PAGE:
2. Fixed-Rate Mortgages vs Adjustable-Rate Mortgages

The closing costs for a fixed-rate mortgage are typically lower compared to an adjustable-rate mortgage.

3. Jumbo Loans vs Conforming Loans

Non-conforming jumbo loans above the conventional limit can have higher closing costs. Conforming loans have lower costs.

What Lenders Are Known for Low Closing Costs?

Certain lenders are competitive when it comes to low rates and affordable closing costs:

  • Quicken Loans – Known for great online tools to compare costs and respectable closing costs.
  • LoanDepot – A top lender offering loans with no origination fee to reduce closing costs.
  • Veterans United – Offers VA loans with $0 down payment and limited closing costs for military borrowers.
  • AimLoan – Focuses on reduced closing costs through discounted lender fees.
  • – An online lender with a price match program to beat competitor closing costs.
  • Lenda – Leverages tech to reduce overhead costs and provide low closing cost loans.

How to Avoid Unexpected Increases in Closing Costs

When applying for a mortgage, keep these tips in mind to avoid surprises at closing:

  • Lock in your interest rate early to prevent rate-driven fee hikes.
  • Review revised Loan Estimates and ask about any new fees that appear.
  • Avoid major purchases or changes to your finances before closing.
  • Maintain your minimum credit score requirements to prevent higher costs.
  • Watch out for prepaid items like property taxes and home insurance premium spikes.
  • Clarify who pays for any requested repairs and inspections needed before closing.

How Your Credit Score Can Impact Your Mortgage’s Closing Cost

In most cases, the higher your credit score, the lower your closing costs:

  • Borrowers with credit scores above 740 get the best rates and lowest fees. Aim for this tier.
  • Scores from 670 to 739 may qualify for decent rates but with slightly higher closing costs.
  • Subprime borrowers with scores below 670 can still qualify but will pay the highest mortgage rates and costs.
  • A rapid score improvement prior to applying can help you land better approved terms.

Paying down debts, fixing errors on your credit reports, and managing credit wisely helps raise your score to reduce closing costs when you apply for a mortgage.

What Is a Good Faith Estimate and How Does It Relate to Closing Costs?

A Good Faith Estimate is a standard form that was traditionally used in the United States for estimating the closing costs for a mortgage loan. This form was replaced by the ‘Loan Estimate’ in October 2015 as part of the Consumer Financial Protection Bureau’s ‘Know Before You Owe’ mortgage initiative. 

The purpose of the GFE, or the current Loan Estimate, is to provide borrowers with a comprehensive and accurate estimate of all the costs involved in obtaining a mortgage. This includes interest rates, loan terms, and closing costs

The closing costs are an integral part of the GFE. They are the costs and fees associated with finalizing your mortgage. These may include: 

  • Title insurance fees
  • Appraisal fees
  • Origination fees
  • Prepaid items such as homeowners insurance premiums, property taxes, and interest

Closing costs typically range from 2% to 5% of the loan amount. The GFE or Loan Estimate provides a detailed breakdown of these costs, helping you understand and prepare for them ahead of time.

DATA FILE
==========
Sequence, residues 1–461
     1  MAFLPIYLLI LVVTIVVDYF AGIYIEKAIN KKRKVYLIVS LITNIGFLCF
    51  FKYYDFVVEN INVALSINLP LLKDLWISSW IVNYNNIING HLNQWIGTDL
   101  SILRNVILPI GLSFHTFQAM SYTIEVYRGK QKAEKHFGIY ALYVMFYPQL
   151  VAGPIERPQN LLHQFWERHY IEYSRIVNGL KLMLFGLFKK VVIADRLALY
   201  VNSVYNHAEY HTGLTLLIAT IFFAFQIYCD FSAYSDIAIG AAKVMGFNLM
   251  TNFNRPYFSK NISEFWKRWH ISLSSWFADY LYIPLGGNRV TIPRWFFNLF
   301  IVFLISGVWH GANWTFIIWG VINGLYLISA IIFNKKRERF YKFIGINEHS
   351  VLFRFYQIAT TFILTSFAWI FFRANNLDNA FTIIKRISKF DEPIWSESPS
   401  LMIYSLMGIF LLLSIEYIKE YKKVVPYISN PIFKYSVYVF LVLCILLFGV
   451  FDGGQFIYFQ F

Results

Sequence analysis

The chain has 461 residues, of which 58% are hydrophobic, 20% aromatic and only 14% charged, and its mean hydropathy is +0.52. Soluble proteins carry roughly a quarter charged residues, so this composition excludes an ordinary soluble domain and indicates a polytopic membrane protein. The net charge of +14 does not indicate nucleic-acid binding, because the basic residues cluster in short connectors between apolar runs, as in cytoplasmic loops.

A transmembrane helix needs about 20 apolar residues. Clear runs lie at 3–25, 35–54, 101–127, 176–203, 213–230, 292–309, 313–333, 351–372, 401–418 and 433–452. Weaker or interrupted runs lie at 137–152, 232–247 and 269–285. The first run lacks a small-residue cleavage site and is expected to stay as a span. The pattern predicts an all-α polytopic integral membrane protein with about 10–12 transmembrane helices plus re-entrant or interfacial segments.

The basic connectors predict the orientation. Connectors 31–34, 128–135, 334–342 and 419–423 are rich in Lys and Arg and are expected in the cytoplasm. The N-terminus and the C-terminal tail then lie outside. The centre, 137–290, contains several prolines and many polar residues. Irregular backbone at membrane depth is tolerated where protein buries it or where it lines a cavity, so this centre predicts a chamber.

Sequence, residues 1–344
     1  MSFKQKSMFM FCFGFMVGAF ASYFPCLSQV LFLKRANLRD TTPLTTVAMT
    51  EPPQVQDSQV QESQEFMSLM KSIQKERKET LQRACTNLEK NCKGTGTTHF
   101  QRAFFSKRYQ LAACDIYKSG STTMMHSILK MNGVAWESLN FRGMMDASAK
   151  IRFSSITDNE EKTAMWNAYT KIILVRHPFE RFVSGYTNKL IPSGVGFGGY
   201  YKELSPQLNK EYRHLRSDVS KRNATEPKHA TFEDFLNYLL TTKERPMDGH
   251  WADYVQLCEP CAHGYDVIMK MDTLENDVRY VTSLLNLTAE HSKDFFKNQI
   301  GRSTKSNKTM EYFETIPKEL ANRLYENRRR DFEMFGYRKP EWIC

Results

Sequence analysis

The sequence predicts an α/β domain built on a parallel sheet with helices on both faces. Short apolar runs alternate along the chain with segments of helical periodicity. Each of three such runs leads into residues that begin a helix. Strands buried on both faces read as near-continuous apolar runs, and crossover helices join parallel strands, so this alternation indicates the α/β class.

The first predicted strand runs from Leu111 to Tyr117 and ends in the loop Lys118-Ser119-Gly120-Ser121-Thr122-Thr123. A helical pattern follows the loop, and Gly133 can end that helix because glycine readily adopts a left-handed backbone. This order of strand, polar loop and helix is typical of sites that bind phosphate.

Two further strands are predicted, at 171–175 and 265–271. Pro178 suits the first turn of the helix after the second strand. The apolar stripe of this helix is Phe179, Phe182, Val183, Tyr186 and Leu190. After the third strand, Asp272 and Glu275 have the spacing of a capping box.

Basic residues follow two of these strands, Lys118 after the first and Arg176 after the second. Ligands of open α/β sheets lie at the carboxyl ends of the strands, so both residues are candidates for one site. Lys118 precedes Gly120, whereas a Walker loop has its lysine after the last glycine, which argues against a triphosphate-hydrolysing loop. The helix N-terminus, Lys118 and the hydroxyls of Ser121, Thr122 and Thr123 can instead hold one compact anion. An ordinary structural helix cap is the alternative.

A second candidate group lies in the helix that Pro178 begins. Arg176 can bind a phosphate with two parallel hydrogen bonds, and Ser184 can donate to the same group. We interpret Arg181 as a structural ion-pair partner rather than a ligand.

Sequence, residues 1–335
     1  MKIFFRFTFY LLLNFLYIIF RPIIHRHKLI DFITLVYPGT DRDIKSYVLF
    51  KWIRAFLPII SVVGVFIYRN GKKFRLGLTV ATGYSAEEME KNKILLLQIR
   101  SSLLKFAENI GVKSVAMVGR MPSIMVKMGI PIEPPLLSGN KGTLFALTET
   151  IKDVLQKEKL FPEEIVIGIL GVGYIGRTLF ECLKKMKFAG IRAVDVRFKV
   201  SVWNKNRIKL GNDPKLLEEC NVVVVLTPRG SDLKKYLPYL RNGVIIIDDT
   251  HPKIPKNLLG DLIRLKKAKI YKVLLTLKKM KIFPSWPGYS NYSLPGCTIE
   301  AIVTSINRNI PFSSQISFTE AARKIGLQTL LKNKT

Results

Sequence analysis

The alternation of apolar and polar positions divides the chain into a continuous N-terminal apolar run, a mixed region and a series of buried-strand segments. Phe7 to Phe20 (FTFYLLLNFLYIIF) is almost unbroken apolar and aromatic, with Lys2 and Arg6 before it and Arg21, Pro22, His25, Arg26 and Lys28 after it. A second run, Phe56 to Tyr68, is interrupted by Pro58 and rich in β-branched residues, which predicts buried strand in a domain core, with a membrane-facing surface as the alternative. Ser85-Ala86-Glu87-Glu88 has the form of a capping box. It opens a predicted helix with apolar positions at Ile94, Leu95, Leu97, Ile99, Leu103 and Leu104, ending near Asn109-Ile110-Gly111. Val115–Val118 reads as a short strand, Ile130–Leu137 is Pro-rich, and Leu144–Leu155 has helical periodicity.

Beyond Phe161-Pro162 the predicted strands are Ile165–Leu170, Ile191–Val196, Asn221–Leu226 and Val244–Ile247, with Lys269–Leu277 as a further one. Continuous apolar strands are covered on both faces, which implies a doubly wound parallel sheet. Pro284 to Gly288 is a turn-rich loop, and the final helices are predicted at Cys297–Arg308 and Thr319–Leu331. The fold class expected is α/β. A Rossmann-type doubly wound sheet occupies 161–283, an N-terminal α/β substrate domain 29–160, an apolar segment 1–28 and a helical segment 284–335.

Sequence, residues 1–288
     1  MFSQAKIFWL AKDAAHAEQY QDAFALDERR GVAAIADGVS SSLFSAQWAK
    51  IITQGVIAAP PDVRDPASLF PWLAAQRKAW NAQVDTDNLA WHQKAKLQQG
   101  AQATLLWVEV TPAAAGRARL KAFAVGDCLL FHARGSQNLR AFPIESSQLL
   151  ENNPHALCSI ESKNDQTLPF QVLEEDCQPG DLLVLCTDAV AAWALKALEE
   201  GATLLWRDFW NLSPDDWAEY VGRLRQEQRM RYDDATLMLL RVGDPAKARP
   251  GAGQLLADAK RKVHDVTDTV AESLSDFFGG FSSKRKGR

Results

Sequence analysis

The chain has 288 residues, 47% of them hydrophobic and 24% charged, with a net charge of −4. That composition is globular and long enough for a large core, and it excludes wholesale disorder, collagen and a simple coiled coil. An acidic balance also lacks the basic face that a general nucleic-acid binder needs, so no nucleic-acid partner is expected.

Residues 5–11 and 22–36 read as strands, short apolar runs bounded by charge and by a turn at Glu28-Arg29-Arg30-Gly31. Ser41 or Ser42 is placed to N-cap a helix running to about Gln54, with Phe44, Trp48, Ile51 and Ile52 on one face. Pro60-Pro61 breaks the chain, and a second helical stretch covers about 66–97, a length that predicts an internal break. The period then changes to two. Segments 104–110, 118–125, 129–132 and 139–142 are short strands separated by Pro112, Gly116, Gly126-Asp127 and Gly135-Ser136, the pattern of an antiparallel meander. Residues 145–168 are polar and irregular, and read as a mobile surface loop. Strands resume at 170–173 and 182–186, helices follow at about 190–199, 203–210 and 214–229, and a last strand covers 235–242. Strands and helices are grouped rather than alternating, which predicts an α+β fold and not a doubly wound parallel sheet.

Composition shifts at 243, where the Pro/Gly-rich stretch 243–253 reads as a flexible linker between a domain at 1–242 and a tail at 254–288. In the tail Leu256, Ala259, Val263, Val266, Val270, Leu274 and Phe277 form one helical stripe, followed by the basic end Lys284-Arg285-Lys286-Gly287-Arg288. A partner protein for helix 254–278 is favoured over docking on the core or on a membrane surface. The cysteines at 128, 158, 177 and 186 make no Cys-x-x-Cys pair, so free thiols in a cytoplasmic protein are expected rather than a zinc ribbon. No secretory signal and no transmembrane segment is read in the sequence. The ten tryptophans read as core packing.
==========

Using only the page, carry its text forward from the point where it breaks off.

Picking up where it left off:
Remember, choosing the best mortgage for closing costs means understanding and comparing these costs in your Loan Estimate.

Should You Roll Your Closing Costs into Your Mortgage?

Some lenders offer “no closing cost” mortgages by financing closing costs into the loan amount. Consider the pros and cons:


  • Pay no upfront closing costs at the mortgage closing.
  • Incorporated into loan payments over the loan’s term.


  • Increases loan balance and monthly mortgage payments.
  • You pay interest on the closing costs over the loan term.
  • Closing costs essentially become part of the mortgage debt.
  • Can push loan past conforming limits into a jumbo loan.

For most homebuyers, paying closing costs upfront or negotiating discounts is a better long-term option than rolling them into the mortgage. But it can provide flexibility if needed.

Thoroughly weighing mortgage closing costs during lender comparisons helps you identify the most affordable options. Leveraging lender competition, shopping for the best rates and fees, and negotiating can produce significant closing cost savings. With some effort, you can reduce these fees and make your home purchase more budget-friendly.

Frequently Asked Questions

Can I shop around for better closing cost rates?

Yes, shopping around is one of the most effective ways to get lower closing costs on your mortgage. It’s recommended you get mortgage quotes from 3-5 different lenders so you can compare their rates and estimated closing costs side-by-side. Locking in the lender with the most affordable overall fees and charges for your situation will help you save money at closing time.

Are there any government programs that offer assistance with closing costs?

Some government and nonprofit programs provide down payment and closing cost assistance, including:

  • FHA loans allow gifts from family members or nonprofits to be used for closing costs.
  • VA loans permit the seller or lender to pay closing costs as part of the transaction.
  • USDA rural housing loans offer a subsidy grant equal to 3% of the purchase price to assist with upfront costs.
  • State and local housing agencies may have grant programs for closing costs if you meet certain income limits as a first-time homebuyer. Reach out to them to inquire.

Are closing costs tax deductible?

In most cases, closing costs are not tax deductible. However, you may be able to deduct mortgage interest, property taxes, and some points paid to buy down your interest rate. Make sure to save documentation of these mortgage-related payments. Consult a tax professional to understand which specific costs may qualify as write-offs on your tax return.

Can I get a mortgage with no closing costs?

It is possible to get a no closing cost mortgage, where the lender covers all or most of the usual closing costs by rolling them into the total loan amount. You then repay the closing costs over time through your monthly mortgage payments at the same interest rate. Lenders sometimes run promotions where they offer these no closing cost loans.

Are closing costs negotiable?

Many of the closing costs from third-party providers are negotiable to some extent. Your loan officer may be able to negotiate with the title company, escrow officer, and other third parties to lower some of their standard fees. You can also negotiate lender fees, and ask for discounts on origination points, application fees, or other charges from the lender directly. It never hurts to politely ask!